Applicants must prepare extensively for these interviews by researching common medical school interview questions, practicing their responses, and participating in mock interviews. Developing strong communication skills and demonstrating a genuine passion for medicine can significantly increase an applicant’s chances of success.

How to Improve Your Chances

Achieve a high GPA in a rigorous pre-med curriculum

One of the most important factors in getting accepted to medical school is maintaining a high GPA in a rigorous pre-med curriculum. Admissions committees place a strong emphasis on academic performance, as it demonstrates the ability to handle the challenging coursework of medical school.

To improve your chances, make sure to prioritize your studies, seek help when needed, and stay dedicated to your academic goals.

Score very competitively on the MCAT

The Medical College Admission Test (MCAT) is a standardized exam that assesses your knowledge of scientific concepts, critical thinking, and problem-solving skills. A high MCAT score can significantly improve your chances of getting accepted.

To achieve a competitive score, consider enrolling in a comprehensive MCAT preparation course, utilizing study resources, and practicing with sample exams. It’s also important to allocate enough time for studying and to maintain a consistent study schedule.

Obtain extensive clinical experience

Medical schools highly value applicants who have gained extensive clinical experience. This can be achieved through volunteering at hospitals or clinics, shadowing physicians, or working as a medical scribe.

Such experiences not only demonstrate your commitment to the field but also provide you with valuable insights into the medical profession. Additionally, they can help you develop important skills, such as patient interaction and teamwork.

Secure strong letters of recommendation

Letters of recommendation play a crucial role in the medical school application process as they provide insights into your character, work ethic, and potential as a future physician. Seek out recommenders who know you well and can speak to your abilities and qualities that make you a strong candidate for medical school.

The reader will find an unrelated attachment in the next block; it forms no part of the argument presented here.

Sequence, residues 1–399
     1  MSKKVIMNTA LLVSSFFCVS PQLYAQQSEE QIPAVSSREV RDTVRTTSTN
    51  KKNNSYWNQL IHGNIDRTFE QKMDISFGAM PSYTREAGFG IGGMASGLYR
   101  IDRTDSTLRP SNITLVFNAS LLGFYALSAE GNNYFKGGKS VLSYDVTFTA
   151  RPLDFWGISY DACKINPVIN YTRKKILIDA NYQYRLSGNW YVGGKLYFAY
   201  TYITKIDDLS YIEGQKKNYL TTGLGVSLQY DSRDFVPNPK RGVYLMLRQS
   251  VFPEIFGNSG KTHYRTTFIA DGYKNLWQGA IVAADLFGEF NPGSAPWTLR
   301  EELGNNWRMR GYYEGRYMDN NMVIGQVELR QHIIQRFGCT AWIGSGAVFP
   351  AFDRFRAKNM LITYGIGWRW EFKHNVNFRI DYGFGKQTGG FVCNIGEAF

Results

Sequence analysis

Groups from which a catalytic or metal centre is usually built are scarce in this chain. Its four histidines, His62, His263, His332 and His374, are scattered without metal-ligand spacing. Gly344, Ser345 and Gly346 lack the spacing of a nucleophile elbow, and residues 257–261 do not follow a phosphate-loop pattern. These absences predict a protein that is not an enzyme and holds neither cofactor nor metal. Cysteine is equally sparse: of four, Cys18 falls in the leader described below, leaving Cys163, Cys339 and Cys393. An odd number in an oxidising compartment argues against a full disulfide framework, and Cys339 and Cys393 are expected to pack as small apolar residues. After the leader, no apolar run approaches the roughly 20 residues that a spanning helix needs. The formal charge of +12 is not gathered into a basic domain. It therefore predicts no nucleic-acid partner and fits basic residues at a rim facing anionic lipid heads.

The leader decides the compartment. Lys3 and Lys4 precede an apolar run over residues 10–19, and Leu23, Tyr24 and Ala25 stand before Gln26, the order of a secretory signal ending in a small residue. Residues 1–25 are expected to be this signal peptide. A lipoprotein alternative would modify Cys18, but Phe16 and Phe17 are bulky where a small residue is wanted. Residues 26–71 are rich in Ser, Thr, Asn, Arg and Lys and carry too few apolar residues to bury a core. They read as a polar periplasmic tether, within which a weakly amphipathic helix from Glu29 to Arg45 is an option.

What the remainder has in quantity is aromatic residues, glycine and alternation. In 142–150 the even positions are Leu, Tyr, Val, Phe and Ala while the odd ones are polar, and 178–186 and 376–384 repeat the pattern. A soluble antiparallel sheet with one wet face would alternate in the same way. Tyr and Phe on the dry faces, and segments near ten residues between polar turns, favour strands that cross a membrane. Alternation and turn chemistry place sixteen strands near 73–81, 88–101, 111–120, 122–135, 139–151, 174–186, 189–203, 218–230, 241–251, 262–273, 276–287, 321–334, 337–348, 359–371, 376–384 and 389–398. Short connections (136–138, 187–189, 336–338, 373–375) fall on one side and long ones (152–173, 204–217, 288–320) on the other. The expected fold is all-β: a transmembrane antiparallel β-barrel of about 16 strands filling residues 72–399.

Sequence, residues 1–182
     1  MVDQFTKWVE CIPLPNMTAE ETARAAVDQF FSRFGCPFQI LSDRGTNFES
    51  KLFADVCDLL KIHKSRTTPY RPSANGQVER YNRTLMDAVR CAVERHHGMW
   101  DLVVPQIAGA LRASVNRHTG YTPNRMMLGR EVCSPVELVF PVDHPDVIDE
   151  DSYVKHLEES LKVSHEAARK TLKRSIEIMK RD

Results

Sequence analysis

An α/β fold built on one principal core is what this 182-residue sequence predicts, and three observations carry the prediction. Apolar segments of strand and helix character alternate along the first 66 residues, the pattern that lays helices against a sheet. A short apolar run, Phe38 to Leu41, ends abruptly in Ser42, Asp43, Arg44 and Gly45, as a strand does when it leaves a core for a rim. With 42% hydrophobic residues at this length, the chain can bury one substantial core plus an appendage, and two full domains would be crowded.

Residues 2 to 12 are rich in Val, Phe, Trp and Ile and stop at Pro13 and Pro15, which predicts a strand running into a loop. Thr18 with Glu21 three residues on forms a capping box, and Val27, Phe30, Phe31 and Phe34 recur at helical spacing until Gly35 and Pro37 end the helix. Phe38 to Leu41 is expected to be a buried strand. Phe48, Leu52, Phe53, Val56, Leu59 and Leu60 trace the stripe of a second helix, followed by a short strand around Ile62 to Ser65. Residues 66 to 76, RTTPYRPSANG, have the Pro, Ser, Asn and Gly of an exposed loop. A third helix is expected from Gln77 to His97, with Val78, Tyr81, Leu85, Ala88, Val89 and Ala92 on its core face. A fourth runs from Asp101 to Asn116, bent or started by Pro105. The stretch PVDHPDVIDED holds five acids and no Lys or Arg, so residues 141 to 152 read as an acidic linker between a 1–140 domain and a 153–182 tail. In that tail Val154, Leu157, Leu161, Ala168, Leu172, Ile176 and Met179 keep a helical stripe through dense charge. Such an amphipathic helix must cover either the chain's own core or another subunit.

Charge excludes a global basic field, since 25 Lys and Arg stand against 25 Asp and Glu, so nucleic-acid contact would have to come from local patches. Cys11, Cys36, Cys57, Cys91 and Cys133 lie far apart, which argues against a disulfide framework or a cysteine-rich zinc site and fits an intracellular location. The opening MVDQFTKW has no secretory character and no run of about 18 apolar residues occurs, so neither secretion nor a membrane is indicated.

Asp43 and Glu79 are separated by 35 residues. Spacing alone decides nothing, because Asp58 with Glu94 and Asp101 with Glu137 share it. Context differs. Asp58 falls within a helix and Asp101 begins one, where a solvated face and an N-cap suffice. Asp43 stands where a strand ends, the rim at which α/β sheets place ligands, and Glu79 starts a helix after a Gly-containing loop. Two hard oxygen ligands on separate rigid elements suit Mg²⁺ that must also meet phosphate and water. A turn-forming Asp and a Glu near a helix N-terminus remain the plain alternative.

It’s important to build strong relationships with professors, healthcare professionals, or supervisors who can vouch for your skills and dedication.

Write stellar application essays and secondaries

The application essays and secondary essays are your opportunity to showcase your unique experiences, motivations, and personal qualities. Take the time to reflect on your journey to medicine and craft compelling narratives that highlight your passion for healthcare and your potential contributions to the field.

Consider seeking feedback from trusted mentors, writing centers, or online resources to ensure your essays are well-written and impactful.

Prepare thoroughly for interviews

Medical school interviews are designed to assess your communication skills, professionalism, and fit for the institution. To prepare, practice common interview questions and formulate thoughtful responses.

Consider scheduling mock interviews with mentors or using online resources to simulate the interview experience. Additionally, research the school’s mission, curriculum, and extracurricular opportunities to demonstrate your interest and preparedness during the interview.

Apply broadly to increase your odds

Given the low acceptance rates at medical schools, it’s important to cast a wide net and apply to a range of programs. Consider applying to both allopathic (MD) and osteopathic (DO) medical schools, as well as schools with different selection criteria and geographic locations.

However, it’s crucial to ensure that the schools you apply to align with your personal and academic goals.


The bottom line is that medical school acceptance rates are incredibly low because of the combination of limited seats and skyrocketing numbers of highly competitive applicants. Admissions committees can afford to be extremely selective.

As a pre-med student, you need to go above and beyond in every aspect of your application to even have a chance at getting into medical school. Focus on stellar academics, MCAT performance, healthcare experiences, essays, interview skills, and more.

It’s challenging, but with dedication and perseverance, you can overcome the long odds and achieve your dream of becoming a doctor.